british British Royal Navy - Admiralty - RN HMT Quail 111 (No. 645) (+1915)
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general
nationality british
purpose war (prev. fishing)
type minesweeper (ex-trawler)
propulsion steam
date built 1897
status
unknown
details
weight (tons) 162  grt
dimensions 10.8 x 1.9 x -- m
material iron
engine triple expansion, one single boilers, single screw
armament armed trawler ( 2 X 3pdr.)
power 41  h.p.
speed  
about the loss
cause lost collision
date lost 23/06/1915  [dd/mm/yyyy]
casualties 0
about people
builder
Edwards Brothers - Edwards Shipbuilding, North Shields
last owner
[1]British Royal Navy - Admiralty - RN, London
HMT Quail 111 (No. 645) (+1915)
period 1914 ~ 1915
prev. owners
[2]Kelsall Brothers & Beeching Ltd., Hull
FV Quail (H236)
period 1897 ~ 1914
captain
about the wreck
depth (m.)
orientation
protected
war grave
updates
entered by Chipchase Nick
entered 15/09/2009
last update Racey Carl
last update 16/01/2012
 
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  copyright: Unknown - onbekend - inconnu copyright: Unknown - onbekend - inconnu  
 
 
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Racey Carl23/06/2010The trawler QUAIL survived attacks by Russian gunboats in 1904. Later the Quail then sank in the Humber after a collison with the liner DYNAMO in 1907. The vessel was refloated and sailed on until she was finally sunk in another collision with the tug BULLDOG in the English Channel, when 7 miles SW of Portland Bill, whilst under Admiralty control.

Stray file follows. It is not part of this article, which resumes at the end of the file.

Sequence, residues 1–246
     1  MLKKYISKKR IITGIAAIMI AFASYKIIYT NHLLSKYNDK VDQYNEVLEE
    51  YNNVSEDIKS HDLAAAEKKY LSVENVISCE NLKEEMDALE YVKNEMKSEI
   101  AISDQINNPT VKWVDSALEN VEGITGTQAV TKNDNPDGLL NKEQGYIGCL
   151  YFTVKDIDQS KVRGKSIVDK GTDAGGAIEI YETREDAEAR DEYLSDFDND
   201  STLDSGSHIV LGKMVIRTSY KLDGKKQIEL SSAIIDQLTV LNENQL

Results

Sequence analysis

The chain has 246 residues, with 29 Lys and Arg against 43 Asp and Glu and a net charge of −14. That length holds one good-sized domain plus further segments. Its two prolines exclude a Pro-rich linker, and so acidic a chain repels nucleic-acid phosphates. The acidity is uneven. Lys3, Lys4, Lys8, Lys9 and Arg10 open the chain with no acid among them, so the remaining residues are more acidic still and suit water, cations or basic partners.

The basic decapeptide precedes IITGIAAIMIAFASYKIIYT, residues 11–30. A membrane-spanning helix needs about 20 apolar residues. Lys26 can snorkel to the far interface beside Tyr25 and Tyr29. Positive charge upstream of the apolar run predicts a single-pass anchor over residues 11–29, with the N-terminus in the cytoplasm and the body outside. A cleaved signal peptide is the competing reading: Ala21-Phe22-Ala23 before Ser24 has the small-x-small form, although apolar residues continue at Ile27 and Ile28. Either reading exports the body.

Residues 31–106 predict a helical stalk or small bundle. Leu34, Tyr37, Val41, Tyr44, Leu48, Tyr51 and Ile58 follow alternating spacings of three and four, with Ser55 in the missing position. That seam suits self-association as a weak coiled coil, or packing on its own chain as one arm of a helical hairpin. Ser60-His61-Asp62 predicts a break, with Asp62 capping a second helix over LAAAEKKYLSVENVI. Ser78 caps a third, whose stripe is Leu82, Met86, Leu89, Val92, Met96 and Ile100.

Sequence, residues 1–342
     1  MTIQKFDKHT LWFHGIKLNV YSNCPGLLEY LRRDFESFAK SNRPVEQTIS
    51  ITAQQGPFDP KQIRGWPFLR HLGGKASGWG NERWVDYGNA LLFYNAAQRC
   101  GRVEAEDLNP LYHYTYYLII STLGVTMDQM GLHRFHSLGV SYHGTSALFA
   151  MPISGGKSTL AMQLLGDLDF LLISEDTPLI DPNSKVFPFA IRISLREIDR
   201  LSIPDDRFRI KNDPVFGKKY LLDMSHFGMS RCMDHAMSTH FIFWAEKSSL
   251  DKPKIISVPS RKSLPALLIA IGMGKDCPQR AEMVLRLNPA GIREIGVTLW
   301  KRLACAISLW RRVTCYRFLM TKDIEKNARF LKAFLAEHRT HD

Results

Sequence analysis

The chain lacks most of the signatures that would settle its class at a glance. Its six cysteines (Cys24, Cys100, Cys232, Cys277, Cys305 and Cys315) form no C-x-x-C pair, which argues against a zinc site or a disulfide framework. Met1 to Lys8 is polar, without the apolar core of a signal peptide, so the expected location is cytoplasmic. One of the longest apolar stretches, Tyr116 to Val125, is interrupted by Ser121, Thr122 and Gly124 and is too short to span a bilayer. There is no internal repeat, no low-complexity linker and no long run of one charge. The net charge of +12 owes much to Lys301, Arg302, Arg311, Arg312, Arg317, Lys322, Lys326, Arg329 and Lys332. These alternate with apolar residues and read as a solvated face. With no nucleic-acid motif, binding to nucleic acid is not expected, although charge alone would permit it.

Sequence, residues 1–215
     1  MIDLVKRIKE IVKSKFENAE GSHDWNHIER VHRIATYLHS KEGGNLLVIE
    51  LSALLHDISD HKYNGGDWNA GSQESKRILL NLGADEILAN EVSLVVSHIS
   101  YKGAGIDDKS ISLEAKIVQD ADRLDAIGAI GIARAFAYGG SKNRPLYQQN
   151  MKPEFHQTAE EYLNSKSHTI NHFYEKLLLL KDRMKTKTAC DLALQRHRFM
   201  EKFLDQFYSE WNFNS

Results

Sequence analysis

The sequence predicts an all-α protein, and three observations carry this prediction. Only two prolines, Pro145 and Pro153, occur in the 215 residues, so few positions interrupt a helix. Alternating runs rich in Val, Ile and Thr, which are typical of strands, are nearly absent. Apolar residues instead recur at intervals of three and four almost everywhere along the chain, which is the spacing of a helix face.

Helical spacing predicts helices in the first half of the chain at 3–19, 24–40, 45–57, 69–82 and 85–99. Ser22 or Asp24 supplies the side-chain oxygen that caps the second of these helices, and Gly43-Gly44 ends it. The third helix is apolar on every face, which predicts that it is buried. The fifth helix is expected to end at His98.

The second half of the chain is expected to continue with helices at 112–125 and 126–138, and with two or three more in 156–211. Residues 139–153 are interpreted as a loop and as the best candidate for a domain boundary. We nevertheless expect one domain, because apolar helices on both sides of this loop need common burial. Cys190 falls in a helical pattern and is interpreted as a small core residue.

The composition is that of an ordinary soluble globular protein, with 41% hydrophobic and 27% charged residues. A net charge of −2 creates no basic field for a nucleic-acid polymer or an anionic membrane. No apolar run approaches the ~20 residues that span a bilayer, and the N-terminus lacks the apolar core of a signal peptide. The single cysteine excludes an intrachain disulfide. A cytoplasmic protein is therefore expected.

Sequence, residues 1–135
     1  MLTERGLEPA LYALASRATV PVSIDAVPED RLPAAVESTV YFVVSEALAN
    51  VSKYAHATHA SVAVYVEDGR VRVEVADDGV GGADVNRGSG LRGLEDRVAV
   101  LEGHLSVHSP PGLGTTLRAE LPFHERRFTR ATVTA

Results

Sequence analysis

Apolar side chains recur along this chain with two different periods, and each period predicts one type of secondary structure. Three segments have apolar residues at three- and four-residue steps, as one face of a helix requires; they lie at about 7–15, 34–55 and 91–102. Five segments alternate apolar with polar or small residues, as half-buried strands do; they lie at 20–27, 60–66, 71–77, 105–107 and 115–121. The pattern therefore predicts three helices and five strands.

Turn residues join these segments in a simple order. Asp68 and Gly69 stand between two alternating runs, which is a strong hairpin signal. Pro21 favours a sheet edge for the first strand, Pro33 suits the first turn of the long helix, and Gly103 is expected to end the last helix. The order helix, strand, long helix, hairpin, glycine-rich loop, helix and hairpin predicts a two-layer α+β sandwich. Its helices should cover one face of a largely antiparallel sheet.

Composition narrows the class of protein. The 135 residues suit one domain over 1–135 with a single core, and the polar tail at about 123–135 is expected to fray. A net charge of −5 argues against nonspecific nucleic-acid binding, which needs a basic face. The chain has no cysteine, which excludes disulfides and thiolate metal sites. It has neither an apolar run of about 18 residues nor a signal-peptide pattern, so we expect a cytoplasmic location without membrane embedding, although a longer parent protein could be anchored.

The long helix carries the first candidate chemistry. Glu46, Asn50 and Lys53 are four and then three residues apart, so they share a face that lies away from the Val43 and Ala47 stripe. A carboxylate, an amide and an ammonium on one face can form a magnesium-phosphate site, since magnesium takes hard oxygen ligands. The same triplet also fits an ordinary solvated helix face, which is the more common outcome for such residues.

ref. used: 
 Racey Carl, A Century of Steamship Losses
Chipchase Nick15/09/2009Built as Quail by Edward Bros. , N. Shields. Req. 1914 and converted to a minesweeper. Armed with 2 X 3pdr. Renamed Quail 111 in 1915. Lost in collision with an unknown ship off Portland Bill.
ref. used: 
 Royal Navy Trawlers, Part Two, G. Toghill


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About Owners
 
British Royal Navy - Admiralty - RN, London

In 1509 when Henry VIII was crowned he realised the growing navel power of King James IV of Scots. James had built an impressive fleet to control the Western Isles and was allied to France. Henry built up of his own fleet, the Navy Royal, as it was then known. New ships were constructed, the best known being the Mary Rose. Smaller types of warships (galleases) combining the best features of oars, sails and guns were also built. By Henry's death in 1547 his fleet had grown to 58 vessels.

In 1546 a 'Council of the Marine' was established which later became the 'Navy Board'. The Navy Board was in charge of the daily administration of the navy until 1832 when it was combined with the Board of the Admiralty.

Elizabeth I inherited a fleet of only 27 ships in 1558. Instead of building up her own fleet Elizabeth encouraged private enterprise against Spain's new empire. Men like Sir John Hawkins and Sir Francis Drake to command groups of Royal and private ships to attack the Spanish. When Spain threatened invasion with its Armada in 1588 the Navy of England both Royal and private defended the realm.

Early in the Seventeenth Century, larger galleons were built with heavier armaments. the largest English ship was Sovereign of the Seas built for prestige purposes by Charles I in 1637. The first ship with three gun decks to carry her 102 guns, she was the most powerful ship in the world for many years.

When King Charles II came to the throne in 1660 he inherited a huge fleet of 154 ships. This was a permanent professional national force and the beginning of the Royal Navy as we know it today.

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